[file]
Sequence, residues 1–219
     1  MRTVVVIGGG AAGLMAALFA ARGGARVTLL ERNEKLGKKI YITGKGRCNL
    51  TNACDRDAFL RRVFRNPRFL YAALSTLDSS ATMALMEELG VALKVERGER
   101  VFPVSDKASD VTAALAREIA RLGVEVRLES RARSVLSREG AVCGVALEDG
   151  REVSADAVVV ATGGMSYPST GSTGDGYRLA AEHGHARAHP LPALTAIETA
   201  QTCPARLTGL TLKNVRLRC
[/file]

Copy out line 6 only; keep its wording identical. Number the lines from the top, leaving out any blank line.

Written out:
   201  QTCPARLTGL TLKNVRLRC